The Swiss executive refrained from announcing unilateral sanctions against Russian interests after Moscow’s meteoric military action in Ukraine. Instead, the Federal Council has chosen to align itself with the European Union and to commit that Russian individuals and companies hit by EU sanctions cannot escape them in Switzerland, which is not one of the 27 EU Member States.
The government said on Friday that financial “intermediaries” in Switzerland were now barred from entering into new business relationships with 363 Russians and four Russian companies. Any pending business must be reported to the Swiss Secretariat for Economic Affairs. Other steps are under study.
While hardly a crackdown compared to other Western sanctions aimed at punishing Moscow for its invasion of Ukraine, the impact could be felt. The wealthy Alpine nation was the largest recipient of transactions by Russian individuals – ahead of Britain, Spain, Luxembourg and the United States, according to a report compiled by the Swiss Embassy in Moscow.
“Switzerland has for years been by far the most important destination in the world for wealthy Russians to manage their wealth,” the report said, adding that net transfers from Russian taxpayers to Switzerland totaled $2.5 billion in 2020. The Swiss news agency SDA-ATS reported a net transfer of $1.8 billion in the first half of 2021.
Federal Councilor Guy Parmelin, head of the Federal Department of Economic Affairs, noted that Switzerland was required to follow UN sanctions but could decide to follow EU sanctions based on criteria such as foreign policy and legal aspects – including the legislation that enshrined “neutrality” in Swiss law.
Swiss authorities are essentially extending the measures put in place in 2014 after the Russian takeover of Crimea, in which they also sought to ensure that EU sanctions were not dodged in Switzerland, to hundreds of people and additional companies, but they go further.
“Switzerland is thus taking a harder line on Russia,” Parmelin told reporters in the capital Bern.
German government spokesman Steffen Hebestreit said on Friday that “every country is sovereign in deciding what to do…If you asked me if I would be happy if Switzerland supported (EU) sanctions, then I would definitely say ‘yes’.”
But Switzerland is also keen to preserve its role as a diplomatic intermediary for certain countries, including Russia. The Swiss government represents the interests of the former Soviet republic of Georgia in Moscow and the interests of Russia in Tbilisi, the Georgian capital, under an agreement put in place after these two countries broke off their bilateral relations during of their conflict in 2008.
“It is important for the Federal Council that the implementation of these measures does not interrupt discussions between Switzerland and the countries concerned,” Parmelin said. “Switzerland wants to be able to offer its services to countries in conflict if these countries so wish.”
“If Switzerland were to automatically adopt the sanctions imposed by the EU or other countries, it would no longer be able to credibly play the traditional role for which it is appreciated around the world,” he added.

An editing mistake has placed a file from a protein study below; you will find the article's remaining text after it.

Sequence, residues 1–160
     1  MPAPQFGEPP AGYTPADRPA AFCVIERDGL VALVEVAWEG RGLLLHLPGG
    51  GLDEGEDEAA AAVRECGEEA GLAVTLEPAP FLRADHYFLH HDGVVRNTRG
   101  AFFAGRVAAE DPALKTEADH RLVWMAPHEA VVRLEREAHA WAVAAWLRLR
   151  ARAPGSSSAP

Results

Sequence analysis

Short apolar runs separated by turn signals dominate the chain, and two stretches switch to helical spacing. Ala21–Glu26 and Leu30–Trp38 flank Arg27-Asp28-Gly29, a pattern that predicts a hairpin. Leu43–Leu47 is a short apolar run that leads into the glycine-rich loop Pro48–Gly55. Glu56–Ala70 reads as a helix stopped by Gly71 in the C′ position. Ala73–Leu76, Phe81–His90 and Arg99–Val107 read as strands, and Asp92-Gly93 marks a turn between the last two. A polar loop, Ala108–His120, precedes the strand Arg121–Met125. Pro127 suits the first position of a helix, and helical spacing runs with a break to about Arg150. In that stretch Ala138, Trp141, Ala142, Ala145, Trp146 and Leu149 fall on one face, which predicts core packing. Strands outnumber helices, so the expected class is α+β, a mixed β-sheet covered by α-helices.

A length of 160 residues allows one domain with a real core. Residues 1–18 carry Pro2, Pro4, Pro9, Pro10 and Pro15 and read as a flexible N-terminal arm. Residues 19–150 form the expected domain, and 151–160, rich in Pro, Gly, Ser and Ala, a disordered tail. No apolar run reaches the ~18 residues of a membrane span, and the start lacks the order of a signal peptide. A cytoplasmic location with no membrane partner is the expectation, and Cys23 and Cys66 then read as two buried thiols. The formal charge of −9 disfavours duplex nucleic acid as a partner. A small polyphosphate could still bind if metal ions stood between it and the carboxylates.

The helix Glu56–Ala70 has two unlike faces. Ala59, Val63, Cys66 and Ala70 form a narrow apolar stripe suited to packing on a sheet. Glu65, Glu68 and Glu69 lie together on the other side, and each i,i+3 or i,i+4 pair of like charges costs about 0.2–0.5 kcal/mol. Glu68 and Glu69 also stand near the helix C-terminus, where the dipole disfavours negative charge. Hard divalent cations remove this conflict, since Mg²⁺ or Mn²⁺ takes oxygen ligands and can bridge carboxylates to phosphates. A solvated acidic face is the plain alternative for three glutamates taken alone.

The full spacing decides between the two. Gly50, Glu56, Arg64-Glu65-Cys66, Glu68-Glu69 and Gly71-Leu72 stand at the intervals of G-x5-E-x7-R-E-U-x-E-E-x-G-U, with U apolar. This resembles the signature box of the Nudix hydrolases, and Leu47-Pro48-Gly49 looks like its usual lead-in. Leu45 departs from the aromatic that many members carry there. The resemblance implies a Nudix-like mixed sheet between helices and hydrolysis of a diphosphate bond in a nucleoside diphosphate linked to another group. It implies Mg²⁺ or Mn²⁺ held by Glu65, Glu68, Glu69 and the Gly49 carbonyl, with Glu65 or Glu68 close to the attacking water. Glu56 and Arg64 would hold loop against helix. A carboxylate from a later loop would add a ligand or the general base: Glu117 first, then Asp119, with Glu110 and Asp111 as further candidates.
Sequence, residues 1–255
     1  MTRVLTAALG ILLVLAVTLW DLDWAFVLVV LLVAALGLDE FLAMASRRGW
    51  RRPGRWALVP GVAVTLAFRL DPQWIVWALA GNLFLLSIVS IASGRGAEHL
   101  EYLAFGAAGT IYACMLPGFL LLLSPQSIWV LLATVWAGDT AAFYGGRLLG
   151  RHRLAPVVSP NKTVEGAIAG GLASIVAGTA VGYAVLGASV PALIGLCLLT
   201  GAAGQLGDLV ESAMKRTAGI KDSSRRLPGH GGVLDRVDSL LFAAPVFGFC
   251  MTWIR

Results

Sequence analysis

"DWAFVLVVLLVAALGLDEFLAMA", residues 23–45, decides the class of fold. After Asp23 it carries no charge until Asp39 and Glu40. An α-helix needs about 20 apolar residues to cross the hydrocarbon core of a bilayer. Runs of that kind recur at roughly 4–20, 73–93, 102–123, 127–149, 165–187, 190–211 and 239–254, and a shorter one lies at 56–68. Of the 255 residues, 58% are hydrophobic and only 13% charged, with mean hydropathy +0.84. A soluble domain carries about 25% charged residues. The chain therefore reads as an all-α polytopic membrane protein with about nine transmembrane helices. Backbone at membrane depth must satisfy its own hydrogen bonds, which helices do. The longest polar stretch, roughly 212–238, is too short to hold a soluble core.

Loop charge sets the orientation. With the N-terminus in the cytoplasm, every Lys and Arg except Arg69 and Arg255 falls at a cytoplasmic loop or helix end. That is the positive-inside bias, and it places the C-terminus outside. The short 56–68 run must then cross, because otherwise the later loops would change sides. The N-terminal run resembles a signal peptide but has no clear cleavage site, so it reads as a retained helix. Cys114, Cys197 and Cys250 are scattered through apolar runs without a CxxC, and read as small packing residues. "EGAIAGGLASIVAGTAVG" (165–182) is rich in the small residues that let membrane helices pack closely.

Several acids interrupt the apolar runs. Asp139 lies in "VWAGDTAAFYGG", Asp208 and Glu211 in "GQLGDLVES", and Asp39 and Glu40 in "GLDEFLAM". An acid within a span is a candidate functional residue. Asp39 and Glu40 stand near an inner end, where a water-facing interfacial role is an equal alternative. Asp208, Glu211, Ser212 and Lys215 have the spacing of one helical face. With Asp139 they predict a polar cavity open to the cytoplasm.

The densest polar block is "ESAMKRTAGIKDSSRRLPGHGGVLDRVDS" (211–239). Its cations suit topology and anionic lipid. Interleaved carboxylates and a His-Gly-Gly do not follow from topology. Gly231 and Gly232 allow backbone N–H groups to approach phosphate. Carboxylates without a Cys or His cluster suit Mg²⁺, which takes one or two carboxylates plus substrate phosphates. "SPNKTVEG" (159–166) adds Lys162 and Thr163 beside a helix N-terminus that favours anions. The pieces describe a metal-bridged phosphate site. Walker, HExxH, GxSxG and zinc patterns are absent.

The respected Swiss daily Tages Anzeiger reported that Ukrainian President Volodymyr Zelensky on Saturday asked his Swiss counterpart to act as a neutral mediator between Ukraine and Russia and to help work towards a ceasefire between both countries, in particular within the framework of a Human Rights Council. meeting in Geneva opening Monday. The Swiss Foreign Ministry has not confirmed any of these communications.
Geneva hosted a summit between Russian President Vladimir Putin and US President Joe Biden in June, as well as a few bilateral meetings in recent weeks as tensions rose in Ukraine. The Swiss appreciate their role and reputation as a qualified and neutral host for such international gatherings and as a hub for international organizations such as the United Nations and the International Red Cross in Geneva.
The push-and-pull felt by the Swiss could grow. Some Western countries have announced or were preparing individual sanctions against Putin and his Foreign Minister Sergei Lavrov, including possible travel bans. Switzerland is unlikely to go that far: Lavrov himself is expected to be in Geneva on Tuesday for a session of the Human Rights Council.
Economic concerns – not just political neutrality enshrined in Swiss law – could also figure into Swiss calculations.
Geneva is a major trading hub for commodities like oil and wheat that matter to Russia and Ukraine, and is said to be a breeding ground for Russian oligarchs and other economic elites drawn to banks and corporations. low-tax and privacy-conscious policies in Switzerland.
The June report from the Swiss Embassy in Moscow indicates that about 80% of Russian commodity trade passes through the Swiss financial services centers of Geneva, Zug, Lugano and Zurich. Major Russian energy and commodity companies have offices in Switzerland.
According to the Bank for International Settlements, Russian deposits in Swiss financial institutions totaled the equivalent of almost $11 billion at the end of the third quarter of last year. This accounted for about 30% of total Russian deposits abroad of nearly $36 billion, according to BIS figures.
Frank Jordans in Berlin and Emily Schultheis in Vienna contributed to this report.